Once again, it is infrastructure week in Washington. While policymakers rarely agree on anything anymore, there is almost universal agreement that our country’s infrastructure is in need of an overhaul. And they are right. From crumbling roads and bridges, to an outdated electrical grid and overloaded telecommunications networks, knowing what to spend money on isn’t the hard issue. How to pay for it is.
There will be plenty of arguments for why not to pay for the bill: “Don’t worry,” some will say. “It will pay for itself. Republicans didn’t pay for their tax cuts, why should we pay for our spending?”
“Infrastructure is just too important to pay for,” others will argue. But running a country like two divorcing parents trying to buy their kids love isn’t good for the kids or the country. It is important, and things that are worth doing are worth paying for.
The first step in crafting a successful and economically beneficial package will be to include truly important priorities, but not litter it with lawmakers’ pet projects. The multi-trillion-dollar price tags that have been being tossed around are truly massive and should not be accepted lightly. Even when dealing in billions and trillions, policymakers need to aim to ensure that each and every dollar is spent wisely.
One idea would be to rely on outside experts for more guidance on what, where and how to spend the money — where are we most in need of modernization, where are the greatest security risks and what investments will have the highest returns? The pressure on lawmakers to think in terms of bringing home goodies for their own state rather than for investment and development for the nation as a whole is just too immense when the dollars are this large.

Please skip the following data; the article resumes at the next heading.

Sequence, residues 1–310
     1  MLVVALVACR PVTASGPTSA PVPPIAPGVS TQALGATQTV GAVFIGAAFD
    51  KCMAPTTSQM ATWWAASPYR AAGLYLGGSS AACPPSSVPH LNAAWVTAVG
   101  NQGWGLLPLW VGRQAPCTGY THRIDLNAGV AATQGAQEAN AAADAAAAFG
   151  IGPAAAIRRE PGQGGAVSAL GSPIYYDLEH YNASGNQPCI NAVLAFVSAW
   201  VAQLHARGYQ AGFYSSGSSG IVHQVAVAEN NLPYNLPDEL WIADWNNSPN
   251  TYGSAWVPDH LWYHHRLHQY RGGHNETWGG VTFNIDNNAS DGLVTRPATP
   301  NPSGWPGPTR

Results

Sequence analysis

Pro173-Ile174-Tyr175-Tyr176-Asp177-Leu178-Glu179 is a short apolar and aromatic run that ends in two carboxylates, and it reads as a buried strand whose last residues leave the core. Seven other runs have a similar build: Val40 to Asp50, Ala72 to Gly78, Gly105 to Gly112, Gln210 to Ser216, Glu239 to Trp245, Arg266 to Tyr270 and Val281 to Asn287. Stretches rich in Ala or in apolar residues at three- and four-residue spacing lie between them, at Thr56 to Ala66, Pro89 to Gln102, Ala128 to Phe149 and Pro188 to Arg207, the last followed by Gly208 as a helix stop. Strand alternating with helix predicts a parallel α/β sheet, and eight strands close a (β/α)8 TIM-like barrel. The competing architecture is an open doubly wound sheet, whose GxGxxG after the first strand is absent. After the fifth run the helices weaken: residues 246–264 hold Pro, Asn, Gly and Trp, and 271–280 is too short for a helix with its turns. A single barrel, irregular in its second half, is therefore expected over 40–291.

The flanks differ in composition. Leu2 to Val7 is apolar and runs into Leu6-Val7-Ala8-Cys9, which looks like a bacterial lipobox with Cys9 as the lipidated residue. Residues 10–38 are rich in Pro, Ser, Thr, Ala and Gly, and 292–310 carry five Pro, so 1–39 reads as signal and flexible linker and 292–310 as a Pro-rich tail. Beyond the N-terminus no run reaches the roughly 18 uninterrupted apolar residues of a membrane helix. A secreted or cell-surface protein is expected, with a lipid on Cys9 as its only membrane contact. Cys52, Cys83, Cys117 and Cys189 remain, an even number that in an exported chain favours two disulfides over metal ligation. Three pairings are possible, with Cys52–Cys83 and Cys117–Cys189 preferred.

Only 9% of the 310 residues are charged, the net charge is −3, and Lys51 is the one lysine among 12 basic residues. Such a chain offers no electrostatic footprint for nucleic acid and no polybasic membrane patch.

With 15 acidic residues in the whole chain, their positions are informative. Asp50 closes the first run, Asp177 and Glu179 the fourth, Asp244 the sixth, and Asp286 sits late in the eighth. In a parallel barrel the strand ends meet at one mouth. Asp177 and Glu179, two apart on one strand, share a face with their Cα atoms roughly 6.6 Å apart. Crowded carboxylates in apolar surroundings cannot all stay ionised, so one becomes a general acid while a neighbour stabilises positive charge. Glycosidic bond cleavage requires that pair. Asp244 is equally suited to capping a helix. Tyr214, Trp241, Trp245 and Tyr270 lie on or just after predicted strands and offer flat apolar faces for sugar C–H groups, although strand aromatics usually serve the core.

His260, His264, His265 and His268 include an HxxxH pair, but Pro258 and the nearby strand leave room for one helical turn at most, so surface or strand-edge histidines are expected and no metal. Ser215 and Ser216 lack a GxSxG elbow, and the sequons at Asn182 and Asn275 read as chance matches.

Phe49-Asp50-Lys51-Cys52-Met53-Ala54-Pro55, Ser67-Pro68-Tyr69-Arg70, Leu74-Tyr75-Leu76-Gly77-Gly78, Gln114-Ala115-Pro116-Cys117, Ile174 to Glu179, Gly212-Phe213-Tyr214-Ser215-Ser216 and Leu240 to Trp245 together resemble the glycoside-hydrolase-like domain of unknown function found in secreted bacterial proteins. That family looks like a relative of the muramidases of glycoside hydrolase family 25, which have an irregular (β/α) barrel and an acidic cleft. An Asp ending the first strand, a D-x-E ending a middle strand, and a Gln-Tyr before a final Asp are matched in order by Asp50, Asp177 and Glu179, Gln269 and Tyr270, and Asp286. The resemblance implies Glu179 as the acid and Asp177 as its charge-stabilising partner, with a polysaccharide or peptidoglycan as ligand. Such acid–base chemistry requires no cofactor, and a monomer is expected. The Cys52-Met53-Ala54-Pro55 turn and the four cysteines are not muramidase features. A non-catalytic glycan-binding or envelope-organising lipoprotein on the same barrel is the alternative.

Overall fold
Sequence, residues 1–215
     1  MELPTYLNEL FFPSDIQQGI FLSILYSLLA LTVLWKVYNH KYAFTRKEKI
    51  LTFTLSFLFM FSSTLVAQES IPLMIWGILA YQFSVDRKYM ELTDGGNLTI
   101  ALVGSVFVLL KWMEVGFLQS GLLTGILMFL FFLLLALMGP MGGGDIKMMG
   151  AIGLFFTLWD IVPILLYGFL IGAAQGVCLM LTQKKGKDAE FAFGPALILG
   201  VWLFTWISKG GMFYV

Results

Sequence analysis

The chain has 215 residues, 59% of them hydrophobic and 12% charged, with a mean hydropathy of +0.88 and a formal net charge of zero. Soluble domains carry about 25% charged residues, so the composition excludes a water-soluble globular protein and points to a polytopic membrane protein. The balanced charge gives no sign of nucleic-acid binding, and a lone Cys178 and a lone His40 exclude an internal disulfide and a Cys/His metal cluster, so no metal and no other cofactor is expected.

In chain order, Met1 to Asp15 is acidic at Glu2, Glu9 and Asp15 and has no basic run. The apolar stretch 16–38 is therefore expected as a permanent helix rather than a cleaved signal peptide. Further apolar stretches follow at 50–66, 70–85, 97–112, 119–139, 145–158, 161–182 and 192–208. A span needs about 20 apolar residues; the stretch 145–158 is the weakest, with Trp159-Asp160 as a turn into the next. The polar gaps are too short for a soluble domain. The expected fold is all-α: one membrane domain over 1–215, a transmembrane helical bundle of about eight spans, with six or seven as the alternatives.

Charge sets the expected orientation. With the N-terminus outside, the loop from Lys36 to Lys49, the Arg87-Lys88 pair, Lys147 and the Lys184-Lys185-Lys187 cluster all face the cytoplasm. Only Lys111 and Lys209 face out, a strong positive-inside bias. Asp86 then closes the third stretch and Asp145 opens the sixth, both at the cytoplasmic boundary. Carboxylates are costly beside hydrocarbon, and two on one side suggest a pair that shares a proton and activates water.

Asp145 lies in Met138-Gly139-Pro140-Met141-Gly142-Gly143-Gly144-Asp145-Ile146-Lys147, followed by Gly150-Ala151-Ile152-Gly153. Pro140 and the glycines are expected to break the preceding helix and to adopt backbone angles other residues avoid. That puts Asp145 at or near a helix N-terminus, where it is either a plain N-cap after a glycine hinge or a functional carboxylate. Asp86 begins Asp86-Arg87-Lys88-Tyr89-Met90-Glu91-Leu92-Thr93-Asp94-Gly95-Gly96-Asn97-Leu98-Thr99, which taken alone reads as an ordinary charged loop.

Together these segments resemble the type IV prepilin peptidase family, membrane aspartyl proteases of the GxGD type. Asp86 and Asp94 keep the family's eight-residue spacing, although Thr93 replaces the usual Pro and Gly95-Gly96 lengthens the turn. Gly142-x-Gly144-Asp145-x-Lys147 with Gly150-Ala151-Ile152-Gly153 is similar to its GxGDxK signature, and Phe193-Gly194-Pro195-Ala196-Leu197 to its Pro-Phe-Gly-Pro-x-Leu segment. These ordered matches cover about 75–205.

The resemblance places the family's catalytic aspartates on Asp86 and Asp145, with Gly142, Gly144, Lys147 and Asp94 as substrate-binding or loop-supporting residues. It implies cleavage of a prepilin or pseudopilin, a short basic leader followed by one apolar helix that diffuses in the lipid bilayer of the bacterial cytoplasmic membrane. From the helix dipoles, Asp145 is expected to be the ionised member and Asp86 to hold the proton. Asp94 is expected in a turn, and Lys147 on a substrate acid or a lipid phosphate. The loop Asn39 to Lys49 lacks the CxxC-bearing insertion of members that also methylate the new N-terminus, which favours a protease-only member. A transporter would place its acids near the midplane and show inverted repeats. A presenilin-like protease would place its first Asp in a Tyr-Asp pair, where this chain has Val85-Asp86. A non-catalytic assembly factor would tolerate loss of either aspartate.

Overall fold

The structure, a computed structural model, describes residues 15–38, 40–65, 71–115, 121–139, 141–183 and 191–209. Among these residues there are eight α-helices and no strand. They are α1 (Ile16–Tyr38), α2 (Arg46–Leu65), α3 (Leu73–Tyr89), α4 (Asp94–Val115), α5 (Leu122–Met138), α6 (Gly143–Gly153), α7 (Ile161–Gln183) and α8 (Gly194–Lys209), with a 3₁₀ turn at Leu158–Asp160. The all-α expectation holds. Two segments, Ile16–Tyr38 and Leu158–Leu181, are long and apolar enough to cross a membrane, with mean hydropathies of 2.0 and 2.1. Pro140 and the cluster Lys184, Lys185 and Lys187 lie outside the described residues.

President Biden and political leaders seem to be committed to paying for the new infrastructure — which is particularly important as we are poised to surpass the national debt/GDP’s historic high level in this country. This will serve as a disciplining mechanism for the package to prevent a snowballing price tag, since every new component will come with a price tag for taxpayers.
On the how to pay for it side, there should be a very rich and healthy debate about the best offsets. Some will want the well-off and corporations to foot the bill, with some combination of higher marginal income tax rates, changes to capital gains and a wealth tax.
Others will prefer infrastructure related measures, such as a gas tax, a vehicle miles traveled tax or a carbon tax.
And still others will want to do more to cut spending as an offset so that these new investments don’t lead to a larger government but rather reflect shifting priorities away from consumption and towards investment.
All of these are legitimate options and should be compared, debated and, ultimately, compromised on.
And if Congress cannot agree on sufficient offsets, then the appropriate solution is to reduce the cost of the package until they can. That, in fact, is what budgeting is.
Updating our infrastructure can definitely help our economy, but not if it increases the country’s already massive levels of debt. Both the Congressional Budget Office and the Penn Wharton Budget Model suggest that returns on debt-financed infrastructure investments could well be negative.
Governing is about making choices. If we care about the future health of the economy, then we must be willing to pay for our priorities now.
Maya MacGuineas is president of the bipartisan Committee for a Responsible Federal Budget.